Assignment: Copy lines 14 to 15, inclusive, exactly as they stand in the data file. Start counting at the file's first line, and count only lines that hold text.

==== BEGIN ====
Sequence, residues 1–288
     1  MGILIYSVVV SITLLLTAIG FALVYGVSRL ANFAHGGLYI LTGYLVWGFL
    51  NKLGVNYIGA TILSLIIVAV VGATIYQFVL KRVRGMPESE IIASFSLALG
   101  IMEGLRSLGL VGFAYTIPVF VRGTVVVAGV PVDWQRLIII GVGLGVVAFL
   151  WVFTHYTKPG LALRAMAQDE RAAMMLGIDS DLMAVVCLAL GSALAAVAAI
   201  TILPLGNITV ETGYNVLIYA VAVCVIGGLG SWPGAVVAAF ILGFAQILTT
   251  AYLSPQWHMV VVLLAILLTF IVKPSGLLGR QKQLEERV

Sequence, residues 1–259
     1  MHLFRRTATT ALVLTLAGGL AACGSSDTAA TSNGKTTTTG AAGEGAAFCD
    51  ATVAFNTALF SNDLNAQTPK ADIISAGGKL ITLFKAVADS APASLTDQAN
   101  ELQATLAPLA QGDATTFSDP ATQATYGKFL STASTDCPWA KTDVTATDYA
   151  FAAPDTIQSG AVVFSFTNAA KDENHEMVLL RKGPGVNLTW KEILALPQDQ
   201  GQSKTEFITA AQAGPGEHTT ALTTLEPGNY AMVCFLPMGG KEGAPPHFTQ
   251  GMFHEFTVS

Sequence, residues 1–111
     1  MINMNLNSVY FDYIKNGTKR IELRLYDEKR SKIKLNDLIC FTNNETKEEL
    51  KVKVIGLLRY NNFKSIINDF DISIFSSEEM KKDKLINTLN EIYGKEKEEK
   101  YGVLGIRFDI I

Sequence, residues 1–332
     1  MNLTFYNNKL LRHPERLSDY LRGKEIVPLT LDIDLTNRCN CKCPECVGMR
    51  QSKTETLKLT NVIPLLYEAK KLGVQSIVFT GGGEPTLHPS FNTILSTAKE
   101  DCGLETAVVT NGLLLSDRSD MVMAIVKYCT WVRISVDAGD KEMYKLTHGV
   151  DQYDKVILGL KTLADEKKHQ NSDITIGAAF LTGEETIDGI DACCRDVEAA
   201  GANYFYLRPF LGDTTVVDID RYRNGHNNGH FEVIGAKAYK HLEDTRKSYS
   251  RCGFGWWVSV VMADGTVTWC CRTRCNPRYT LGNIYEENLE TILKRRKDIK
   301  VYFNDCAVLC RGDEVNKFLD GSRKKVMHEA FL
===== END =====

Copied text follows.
   251  GMFHEFTVS

Sequence, residues 1–111